Ken Salazar will step down as Secretary of the Interior this March, according to The Denver Post, which confirmed the not-yet-official resignation with Salazar's office. The Secretary of the Interior is responsible for agencies such as the U.S. Fish and Wildlife Service, the National Park Service, the Bureau of Land Management and the Bureau of Indian Affairs.

The secretary plans to formally announce his resignation today (Jan. 16), according to his office. He has served in the position since 2009, following a four-year stint as the Democratic senator from Colorado. He reportedly wants to spend more time with his family, including his 5-year-old autistic granddaughter, for whom he and his wife serve as primary caretakers. In a 2011 interview with the Denver Post, Salazar said his job kept him away from home for weeks at a time; each time he returned home, it took his granddaughter one or two days to warm up to his presence.

Over the course of his tenure as Interior secretary, Salazar has presided over the establishment of seven new national parks and 10 wildlife refuges, as well as 18 solar energy projects on public lands. He also established an industry-wide offshore drilling moratorium after the Deepwater Horizon spill and oversaw the government's response to the disaster and clean-up efforts. Salazar also played what could be perceived as a key role in the removal of gray wolves form the protection of the Endangered Species Act.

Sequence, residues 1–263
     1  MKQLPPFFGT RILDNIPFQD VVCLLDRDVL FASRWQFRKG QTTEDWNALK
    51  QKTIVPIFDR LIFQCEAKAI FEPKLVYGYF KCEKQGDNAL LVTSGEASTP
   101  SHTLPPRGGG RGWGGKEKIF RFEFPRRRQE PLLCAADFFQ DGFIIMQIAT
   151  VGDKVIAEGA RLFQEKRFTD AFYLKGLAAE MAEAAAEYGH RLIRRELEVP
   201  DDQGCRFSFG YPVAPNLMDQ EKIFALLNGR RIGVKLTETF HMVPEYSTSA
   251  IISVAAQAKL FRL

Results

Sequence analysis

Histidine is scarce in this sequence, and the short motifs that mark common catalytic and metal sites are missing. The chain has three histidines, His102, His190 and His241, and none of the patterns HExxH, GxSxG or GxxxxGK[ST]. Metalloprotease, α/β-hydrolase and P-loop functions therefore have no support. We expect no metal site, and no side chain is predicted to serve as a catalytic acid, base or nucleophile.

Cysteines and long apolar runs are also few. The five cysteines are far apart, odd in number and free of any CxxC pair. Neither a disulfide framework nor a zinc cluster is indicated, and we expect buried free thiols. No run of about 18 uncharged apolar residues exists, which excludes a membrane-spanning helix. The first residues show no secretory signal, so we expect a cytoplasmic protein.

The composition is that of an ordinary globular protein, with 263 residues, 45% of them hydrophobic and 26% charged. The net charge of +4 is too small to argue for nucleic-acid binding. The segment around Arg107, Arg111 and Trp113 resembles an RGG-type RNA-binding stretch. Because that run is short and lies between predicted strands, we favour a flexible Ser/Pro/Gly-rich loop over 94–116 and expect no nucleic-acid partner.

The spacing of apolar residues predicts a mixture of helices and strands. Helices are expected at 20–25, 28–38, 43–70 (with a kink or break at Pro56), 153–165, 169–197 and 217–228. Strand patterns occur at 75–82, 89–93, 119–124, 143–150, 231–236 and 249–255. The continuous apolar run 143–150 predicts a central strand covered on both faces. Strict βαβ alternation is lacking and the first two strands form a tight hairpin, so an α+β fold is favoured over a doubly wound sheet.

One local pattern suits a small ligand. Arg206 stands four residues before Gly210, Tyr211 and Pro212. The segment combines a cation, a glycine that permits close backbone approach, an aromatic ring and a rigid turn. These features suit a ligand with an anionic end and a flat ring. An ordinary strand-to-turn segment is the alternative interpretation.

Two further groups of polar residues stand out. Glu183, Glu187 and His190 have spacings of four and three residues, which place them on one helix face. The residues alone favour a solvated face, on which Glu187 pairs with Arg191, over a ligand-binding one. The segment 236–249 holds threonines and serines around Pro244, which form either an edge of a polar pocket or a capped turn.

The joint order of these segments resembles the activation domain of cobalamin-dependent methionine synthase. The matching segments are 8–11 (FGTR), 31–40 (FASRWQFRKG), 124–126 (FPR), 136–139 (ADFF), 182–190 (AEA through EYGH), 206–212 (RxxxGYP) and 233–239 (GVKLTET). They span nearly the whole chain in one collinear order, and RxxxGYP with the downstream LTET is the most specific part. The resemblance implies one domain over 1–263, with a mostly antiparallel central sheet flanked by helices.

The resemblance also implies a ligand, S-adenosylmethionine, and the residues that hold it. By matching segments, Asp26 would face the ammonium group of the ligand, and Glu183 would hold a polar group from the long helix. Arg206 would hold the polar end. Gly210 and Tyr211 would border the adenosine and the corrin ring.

Although some environmentalists and progressive groups initially opposed Salazar's nomination, he had a strong environmental record leading up to the job, including opposing oil shale development in Colorado. He later butted heads with Republicans, mostly due to his moratorium on offshore drilling leases.

Salazar has an infamously confrontational style. Last year he threatened to punch a Colorado newspaper reporter who was questioning him about the alleged sale of wild horses from federal land to slaughterhouses. He later apologized for the threat. He also had harsh words for House Republicans: "It's a place where up is seen as down, where left is seen as right, where oil shale seems to be mistaken every day in the U.S. House of Representative for shale oil, where record profits justify billions of dollars in subsidies," he said in a speech to the National Press Club last April.

There's no word yet on who might follow Salazar in the position or if he will continue in politics in another role.

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